The Eternals Digging through the rubble of culture.

The Eternals
Sun May 30
Roseland - 8 NW 6th

On "Bewareness," one of the best tracks from The Eternals' newest album, vocalist Damon Locks wonders, "Disorder... how do you respond to that?" You get the feeling he's unwrapping rhetoric, because the rest of the song--with its Portuguese field sample, Congalese-sounding rhythm pattern, and chopped-up pedal effect cutting the air like the blades of a Black Hawk--answers his question.

This Chicago underground trio responds to disorder by picking the prettiest cherries from the rubble of cultural collision, and threading them together with a smoldering ember of a beat. (Both in theory and in practice--later this month, they're opening for dancehall legend Sugar Minott in Puerto Rico.) The album, Rawar Style, on Portland label Aesthetics, sweats hot and dubby, sweltering from its limber rhythm section: Wayne Montana on bass, Dan Fliegel's on drums. "How do you shine when cities are burning flames?" Locks continues. "Make a sign and carry the burden of shame." He asks questions, he invokes answers. It's as though the citified alienation Locks sang about on the linear, bell-rining dub of "Billions of People" (from The Eternals' 1999 DeSoto release) has been replaced. There are bigger fish to fry.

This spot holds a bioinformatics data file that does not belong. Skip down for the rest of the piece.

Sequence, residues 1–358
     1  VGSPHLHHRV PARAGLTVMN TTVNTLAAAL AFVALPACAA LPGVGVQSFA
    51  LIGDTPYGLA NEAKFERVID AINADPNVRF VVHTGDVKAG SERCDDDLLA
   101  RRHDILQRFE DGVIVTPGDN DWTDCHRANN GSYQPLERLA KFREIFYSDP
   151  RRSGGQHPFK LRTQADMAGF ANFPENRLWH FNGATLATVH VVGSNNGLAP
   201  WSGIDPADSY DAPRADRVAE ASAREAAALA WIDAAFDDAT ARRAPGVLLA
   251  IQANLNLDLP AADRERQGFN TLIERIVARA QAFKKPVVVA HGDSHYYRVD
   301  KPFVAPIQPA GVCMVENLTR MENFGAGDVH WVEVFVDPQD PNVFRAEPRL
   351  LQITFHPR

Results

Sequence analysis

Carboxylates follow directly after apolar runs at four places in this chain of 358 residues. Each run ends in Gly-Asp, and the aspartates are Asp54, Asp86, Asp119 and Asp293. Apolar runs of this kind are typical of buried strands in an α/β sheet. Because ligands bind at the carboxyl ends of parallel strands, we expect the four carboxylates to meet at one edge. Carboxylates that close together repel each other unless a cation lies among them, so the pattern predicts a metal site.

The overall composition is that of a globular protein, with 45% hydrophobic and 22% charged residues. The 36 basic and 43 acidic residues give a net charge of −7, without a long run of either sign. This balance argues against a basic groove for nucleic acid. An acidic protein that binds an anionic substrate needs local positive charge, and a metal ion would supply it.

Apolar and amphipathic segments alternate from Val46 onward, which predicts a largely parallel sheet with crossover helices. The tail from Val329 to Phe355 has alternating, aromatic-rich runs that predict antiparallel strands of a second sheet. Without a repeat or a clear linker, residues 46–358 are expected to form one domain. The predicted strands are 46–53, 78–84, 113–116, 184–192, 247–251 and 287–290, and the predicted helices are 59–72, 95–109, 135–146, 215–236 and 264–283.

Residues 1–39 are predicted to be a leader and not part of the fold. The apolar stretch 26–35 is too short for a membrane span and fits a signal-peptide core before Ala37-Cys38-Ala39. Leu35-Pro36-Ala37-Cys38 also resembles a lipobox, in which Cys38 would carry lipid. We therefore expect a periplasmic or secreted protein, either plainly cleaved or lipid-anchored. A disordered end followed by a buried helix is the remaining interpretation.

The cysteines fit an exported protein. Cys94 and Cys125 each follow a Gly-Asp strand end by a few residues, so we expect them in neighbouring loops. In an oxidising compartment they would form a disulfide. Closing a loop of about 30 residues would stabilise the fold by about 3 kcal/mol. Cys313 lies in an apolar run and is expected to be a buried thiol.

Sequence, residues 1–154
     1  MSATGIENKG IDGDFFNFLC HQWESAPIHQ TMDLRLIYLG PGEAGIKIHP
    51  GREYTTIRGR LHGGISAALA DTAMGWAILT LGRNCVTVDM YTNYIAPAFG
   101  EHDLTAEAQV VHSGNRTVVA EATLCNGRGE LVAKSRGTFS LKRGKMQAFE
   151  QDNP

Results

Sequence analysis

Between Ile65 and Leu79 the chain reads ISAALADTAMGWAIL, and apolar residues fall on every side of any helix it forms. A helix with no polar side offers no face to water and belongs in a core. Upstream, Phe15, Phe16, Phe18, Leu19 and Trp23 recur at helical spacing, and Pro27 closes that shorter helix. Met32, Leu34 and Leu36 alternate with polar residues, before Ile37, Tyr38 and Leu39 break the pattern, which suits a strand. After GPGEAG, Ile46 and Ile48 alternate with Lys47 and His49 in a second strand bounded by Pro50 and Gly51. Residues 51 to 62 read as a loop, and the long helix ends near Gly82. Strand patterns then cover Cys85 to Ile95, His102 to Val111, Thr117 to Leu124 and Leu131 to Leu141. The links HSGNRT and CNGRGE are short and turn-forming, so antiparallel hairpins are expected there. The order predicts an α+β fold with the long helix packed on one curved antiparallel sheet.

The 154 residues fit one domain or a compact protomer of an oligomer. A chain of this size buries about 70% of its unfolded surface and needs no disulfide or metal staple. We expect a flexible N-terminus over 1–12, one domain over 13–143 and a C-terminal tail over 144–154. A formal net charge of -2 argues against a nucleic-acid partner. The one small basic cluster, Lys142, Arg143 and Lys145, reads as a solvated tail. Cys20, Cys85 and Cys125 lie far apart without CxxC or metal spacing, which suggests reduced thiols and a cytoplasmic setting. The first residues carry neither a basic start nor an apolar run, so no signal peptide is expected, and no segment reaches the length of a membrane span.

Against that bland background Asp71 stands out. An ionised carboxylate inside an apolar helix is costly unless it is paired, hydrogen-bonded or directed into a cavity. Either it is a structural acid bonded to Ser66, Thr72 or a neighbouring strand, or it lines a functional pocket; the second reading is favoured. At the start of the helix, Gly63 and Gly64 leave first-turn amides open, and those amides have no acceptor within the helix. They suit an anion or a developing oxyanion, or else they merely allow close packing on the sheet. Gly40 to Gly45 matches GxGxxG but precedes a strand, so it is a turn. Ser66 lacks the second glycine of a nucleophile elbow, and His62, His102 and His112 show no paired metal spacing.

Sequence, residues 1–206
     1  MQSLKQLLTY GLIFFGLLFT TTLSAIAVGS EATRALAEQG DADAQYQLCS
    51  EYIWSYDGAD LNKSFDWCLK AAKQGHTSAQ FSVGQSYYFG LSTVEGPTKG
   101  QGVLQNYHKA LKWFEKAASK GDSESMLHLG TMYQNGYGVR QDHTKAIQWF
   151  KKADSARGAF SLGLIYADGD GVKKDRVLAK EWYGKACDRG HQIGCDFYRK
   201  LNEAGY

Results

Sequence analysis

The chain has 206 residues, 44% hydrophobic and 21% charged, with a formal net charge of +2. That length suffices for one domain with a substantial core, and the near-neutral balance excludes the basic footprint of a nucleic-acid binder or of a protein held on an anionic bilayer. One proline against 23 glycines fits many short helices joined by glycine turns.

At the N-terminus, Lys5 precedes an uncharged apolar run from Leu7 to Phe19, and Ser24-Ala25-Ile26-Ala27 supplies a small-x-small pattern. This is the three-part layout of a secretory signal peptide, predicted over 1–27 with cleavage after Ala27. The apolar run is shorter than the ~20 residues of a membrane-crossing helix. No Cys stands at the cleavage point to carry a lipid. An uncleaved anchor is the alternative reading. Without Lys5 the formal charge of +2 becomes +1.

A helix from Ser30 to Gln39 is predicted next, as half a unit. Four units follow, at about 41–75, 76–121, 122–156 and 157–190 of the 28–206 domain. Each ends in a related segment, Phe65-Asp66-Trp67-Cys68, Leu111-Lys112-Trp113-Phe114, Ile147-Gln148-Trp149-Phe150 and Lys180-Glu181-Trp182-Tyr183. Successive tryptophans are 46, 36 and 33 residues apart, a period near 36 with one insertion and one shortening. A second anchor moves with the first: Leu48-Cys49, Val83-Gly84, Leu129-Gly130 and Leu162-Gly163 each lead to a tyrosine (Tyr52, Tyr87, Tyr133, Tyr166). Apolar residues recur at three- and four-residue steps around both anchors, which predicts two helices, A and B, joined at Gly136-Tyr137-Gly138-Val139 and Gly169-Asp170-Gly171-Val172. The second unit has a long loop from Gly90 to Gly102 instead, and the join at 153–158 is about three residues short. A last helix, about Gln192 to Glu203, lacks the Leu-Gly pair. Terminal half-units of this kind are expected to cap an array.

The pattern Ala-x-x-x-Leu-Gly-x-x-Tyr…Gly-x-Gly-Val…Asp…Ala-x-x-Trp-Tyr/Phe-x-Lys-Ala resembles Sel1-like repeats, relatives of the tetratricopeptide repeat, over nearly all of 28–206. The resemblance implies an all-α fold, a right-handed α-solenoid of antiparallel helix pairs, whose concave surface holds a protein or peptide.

The album's flaws are transfixing imperfections that tumble the whole package even more askew--the vocal bursts fall a hair flat, a raw guitar note makes abrasions on the kick drum. Often, there are no linear melodies. It took me about five listens to process it--at first, I was at the "glad it was made, but..." stage; when it clicked, I was blown away. Even at the lyricism's most esoteric--"Where do you come from, son? You better get in here. What do you run from? Darkness is all I fear"-- the music is full of curiosity and response, question and answer. I could go on all day about the imagery on Rawar Style--ocarina whistles and hiphop beats and Spanish-sounding guitars; baritone vocals, mega dub-style delay on melodica, the jerky Galaga buzz of "Space Dancehall." Counter-tonal bells and horns sprout up at moments and never come back. They compose like Varese, ahead of their time and interpreting the rhythm of life, right now--the outbursts, the tragedy, the collision, the beauty, the dissolution of boundaries and erection of new ones. Are you ready for this jelly?